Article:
When my critique group was discussing my submission, the first introduction of LaGuardia, several individuals remembered how he used his radio program to read the funnies to children during the deliverymen’s strike or hopped on fire engines heading to an emergency. A smattering of people described notable deeds of the flamboyant Mayor (several were transplanted New Yorkers). I didn’t remember much more. Here’s a bit of background.

I know now what a talented and complicated man he was. At age 18, he had a job with the American consulate in Budapest, a testament to his linguistic skills which would later charm New Yorkers. When LaGuardia moved to New York to attend law school, he became a translator for the U.S. Immigration Service. In his law practice, he attracted immigrants — with little money—but a range of problems..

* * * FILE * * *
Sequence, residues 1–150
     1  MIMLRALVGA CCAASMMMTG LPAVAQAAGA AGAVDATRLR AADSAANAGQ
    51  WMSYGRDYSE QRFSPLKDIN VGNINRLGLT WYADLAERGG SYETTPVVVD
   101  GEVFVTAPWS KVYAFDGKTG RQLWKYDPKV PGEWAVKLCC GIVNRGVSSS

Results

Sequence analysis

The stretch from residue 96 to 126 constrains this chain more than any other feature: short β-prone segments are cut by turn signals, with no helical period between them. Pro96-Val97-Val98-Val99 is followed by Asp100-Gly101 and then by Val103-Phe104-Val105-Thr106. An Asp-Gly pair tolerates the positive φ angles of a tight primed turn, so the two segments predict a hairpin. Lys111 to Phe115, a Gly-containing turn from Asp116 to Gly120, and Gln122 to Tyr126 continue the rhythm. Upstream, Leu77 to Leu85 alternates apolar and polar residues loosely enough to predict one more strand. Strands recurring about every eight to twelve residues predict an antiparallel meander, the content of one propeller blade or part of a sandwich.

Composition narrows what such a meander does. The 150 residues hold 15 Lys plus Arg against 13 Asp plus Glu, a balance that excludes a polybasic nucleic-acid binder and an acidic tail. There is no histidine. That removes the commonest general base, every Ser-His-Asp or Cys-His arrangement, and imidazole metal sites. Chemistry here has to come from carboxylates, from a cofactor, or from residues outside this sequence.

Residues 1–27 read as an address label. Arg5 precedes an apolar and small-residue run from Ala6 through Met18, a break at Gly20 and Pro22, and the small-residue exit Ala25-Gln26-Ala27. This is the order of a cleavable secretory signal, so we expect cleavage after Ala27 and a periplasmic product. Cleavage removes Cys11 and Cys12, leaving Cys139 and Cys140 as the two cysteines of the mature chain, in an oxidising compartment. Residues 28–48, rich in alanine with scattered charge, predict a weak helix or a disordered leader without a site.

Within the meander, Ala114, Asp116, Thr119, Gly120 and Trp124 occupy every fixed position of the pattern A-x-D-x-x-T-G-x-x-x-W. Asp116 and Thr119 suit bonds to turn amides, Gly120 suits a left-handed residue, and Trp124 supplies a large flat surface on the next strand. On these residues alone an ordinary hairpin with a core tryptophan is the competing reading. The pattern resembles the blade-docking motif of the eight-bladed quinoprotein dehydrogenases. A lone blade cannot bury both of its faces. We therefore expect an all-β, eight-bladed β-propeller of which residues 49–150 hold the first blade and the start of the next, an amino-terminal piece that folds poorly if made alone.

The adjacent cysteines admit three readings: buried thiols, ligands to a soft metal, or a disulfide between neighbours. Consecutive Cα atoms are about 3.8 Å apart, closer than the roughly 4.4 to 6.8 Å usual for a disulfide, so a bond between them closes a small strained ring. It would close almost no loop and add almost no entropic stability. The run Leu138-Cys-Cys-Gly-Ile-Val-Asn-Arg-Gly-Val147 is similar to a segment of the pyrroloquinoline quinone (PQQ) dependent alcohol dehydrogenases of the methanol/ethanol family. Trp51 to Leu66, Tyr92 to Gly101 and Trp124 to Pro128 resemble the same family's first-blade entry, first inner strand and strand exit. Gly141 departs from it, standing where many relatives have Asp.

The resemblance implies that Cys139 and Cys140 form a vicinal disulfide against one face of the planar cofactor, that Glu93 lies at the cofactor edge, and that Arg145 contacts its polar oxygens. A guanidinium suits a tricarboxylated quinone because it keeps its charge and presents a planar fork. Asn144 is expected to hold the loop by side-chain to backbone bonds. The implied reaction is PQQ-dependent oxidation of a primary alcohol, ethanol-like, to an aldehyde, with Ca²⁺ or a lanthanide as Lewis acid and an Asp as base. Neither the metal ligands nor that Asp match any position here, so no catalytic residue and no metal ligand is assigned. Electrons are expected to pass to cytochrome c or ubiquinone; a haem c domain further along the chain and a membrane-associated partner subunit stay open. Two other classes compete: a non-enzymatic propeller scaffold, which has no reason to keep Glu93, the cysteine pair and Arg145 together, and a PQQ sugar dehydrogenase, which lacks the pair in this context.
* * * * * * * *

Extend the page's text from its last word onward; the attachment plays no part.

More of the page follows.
Tammany Hall, the Democratic party’s political machine, known for its graft, controlled New York City. So, in 1916, he ran for Congress as a Republican and won that election and the next one. In 1932 he ran for Mayor for the second time, and this time he won. Known as the first Italian Mayor, LaGuardia rarely spoke of his Jewish roots, although in Jewish neighborhoods, he delivered his speeches in Yiddish. In the 1930’s he began speaking out about the crazy man in Germany,

After many years of Tammany rule, or mis-rule, the new Mayor had much to do. His actions and bountiful energy charmed New Yorkers who called him their “Little Flower”. When the War began, he was restless, feeling much of the important work in New York City was done. Although he tried to win an appointment in the War effort, for complicated reasons, FDR ignored LaGuardia’s requests.

Many of his accomplishments are alluded to or amplified In LOVE SARAH, where they fit or advance the story, a minuscule view of a heroic man.

Barbara Gilvar